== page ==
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6. Paint a vision to work towards.

If you are continuously getting in a rut with your work, maybe there’s no vision inspiring you to move forward.

Think about why you are doing this, and what you are doing it for. What is the end vision in mind?

Make it as vivid as possible. Make sure it’s a vision that inspires you and use that to trigger you to action.

7. Read a book (or blog).

The things we read are like food to our brain. If you are out of ideas, it’s time to feed your brain with great materials.

Here’s a list of 40 books you can start off with. Stock your browser with only the feeds of high quality blogs, such as Lifehack.org, DumbLittleMan, Seth Godin’s Blog, Tim Ferris’ Blog, Zen Habits or The Personal Excellence Blog.

Check out the best selling books; those are generally packed with great wisdom.

8. Have a quick nap.

If you are at home, take a quick nap for about 20-30 minutes. This clears up your mind and gives you a quick boost. Nothing quite like starting off on a fresh start after catching up on sleep.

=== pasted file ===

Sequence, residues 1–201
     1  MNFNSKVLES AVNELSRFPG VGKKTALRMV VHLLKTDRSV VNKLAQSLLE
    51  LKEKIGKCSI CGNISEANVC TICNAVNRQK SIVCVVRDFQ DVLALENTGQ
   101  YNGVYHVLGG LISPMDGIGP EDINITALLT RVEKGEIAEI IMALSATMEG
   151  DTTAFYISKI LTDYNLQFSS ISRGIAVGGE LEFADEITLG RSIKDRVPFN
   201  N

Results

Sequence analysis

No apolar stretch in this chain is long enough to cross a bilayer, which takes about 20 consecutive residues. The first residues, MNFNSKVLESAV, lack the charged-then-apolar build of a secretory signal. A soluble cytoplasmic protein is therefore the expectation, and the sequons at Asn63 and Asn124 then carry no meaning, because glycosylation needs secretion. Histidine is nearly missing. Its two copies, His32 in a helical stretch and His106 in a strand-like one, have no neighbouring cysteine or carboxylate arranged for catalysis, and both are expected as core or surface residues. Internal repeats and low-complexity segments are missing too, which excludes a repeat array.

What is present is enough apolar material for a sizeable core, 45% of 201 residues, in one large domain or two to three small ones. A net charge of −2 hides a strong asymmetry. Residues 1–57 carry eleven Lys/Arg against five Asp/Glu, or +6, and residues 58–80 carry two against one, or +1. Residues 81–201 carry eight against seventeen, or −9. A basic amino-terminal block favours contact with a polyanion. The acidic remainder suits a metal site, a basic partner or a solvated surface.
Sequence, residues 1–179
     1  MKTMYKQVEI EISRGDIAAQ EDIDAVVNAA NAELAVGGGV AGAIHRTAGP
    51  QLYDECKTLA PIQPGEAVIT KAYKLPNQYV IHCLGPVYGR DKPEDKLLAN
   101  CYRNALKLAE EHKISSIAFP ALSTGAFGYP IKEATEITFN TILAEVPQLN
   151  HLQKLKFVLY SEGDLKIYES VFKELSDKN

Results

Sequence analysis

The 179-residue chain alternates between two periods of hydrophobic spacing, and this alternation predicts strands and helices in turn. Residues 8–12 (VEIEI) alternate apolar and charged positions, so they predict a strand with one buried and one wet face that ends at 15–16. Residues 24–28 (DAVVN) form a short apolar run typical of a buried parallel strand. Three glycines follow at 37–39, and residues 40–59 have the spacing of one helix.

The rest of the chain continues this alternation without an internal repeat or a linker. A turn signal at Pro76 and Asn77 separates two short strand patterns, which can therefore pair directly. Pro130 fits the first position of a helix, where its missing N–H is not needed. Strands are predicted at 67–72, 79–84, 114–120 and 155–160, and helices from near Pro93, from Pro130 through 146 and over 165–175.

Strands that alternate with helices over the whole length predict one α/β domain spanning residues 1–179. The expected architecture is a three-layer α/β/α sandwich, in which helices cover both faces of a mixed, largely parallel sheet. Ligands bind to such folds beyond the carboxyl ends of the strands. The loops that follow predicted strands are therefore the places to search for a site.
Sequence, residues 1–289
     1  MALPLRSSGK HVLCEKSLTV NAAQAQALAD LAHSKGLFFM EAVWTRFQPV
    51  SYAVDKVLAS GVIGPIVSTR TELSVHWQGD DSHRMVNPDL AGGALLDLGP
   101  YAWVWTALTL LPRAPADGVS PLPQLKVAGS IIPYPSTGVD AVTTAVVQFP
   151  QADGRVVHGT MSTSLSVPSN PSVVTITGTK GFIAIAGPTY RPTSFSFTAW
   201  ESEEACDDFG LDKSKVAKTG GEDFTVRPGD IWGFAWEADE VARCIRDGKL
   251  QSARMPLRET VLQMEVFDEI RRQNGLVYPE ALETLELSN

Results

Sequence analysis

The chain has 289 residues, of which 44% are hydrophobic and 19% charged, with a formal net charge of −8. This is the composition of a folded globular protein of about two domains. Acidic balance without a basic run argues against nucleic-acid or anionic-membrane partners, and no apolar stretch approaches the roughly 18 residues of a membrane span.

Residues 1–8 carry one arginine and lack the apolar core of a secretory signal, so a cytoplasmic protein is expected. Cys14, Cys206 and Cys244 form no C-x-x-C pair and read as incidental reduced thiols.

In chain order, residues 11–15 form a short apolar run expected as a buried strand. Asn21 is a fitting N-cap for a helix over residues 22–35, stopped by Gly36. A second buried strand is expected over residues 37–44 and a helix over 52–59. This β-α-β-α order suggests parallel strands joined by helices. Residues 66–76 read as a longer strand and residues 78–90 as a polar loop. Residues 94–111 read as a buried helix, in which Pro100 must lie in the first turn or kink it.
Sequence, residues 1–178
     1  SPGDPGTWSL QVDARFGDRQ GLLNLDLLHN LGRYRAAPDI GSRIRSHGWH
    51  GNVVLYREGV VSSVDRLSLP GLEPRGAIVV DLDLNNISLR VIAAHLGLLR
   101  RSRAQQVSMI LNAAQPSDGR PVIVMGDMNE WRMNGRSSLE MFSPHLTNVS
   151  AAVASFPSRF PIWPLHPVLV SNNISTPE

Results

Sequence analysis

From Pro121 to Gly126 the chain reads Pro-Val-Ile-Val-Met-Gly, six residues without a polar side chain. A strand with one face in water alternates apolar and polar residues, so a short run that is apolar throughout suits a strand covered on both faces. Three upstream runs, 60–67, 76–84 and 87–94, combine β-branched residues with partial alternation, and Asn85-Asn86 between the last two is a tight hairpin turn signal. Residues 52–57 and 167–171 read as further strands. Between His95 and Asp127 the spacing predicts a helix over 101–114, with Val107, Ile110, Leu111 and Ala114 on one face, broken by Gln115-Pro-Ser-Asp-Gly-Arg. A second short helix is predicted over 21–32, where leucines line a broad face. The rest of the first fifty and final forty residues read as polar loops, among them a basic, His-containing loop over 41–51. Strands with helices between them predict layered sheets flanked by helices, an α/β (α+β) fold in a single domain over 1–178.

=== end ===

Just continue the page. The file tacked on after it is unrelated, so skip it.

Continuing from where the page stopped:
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9. Remember why you are doing this.

Sometimes we lose sight of why we do what we do, and after a while we become jaded. A quick refresher on why you even started on this project will help.

What were you thinking when you thought of doing this? Retrace your thoughts back to that moment. Recall why you are doing this. Then reconnect with your muse.

10. Find some competition.

Nothing quite like healthy competition to spur us forward. If you are out of ideas, then check up on what people are doing in your space.

Colleagues at work, competitors in the industry, competitors’ products and websites, networking conventions.. you get the drill.

11. Go exercise.

Since you are not making headway at work, might as well spend the time shaping yourself up.

Sometimes we work so much that we neglect our health and fitness. Go jog, swim, cycle, whichever exercise you prefer.

As you improve your physical health, your mental health will improve, too. The different facets of ourselves are all interlinked.

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Here’re 15 Tips to Restart the Exercise Habit (and How to Keep It).

12. Take a good break.

Ruts are usually signs that you have been working too long and too hard. It’s time to get a break.

Beyond the quick tips above, arrange for a 1-day or 2-days of break from your work. Don’t check your (work) emails or do anything work-related. Relax and do your favorite activities. You will return to your work recharged and ready to start.

Contrary to popular belief, the world will not end from taking a break from your work. In fact, you will be much more ready to make an impact after proper rest. My best ideas and inspiration always hit me whenever I’m away from my work.

Take a look at this to learn the importance of rest: The Importance of Scheduling Downtime

More Resources About Getting out of a Rut

Featured photo credit: Joshua Earle via unsplash.com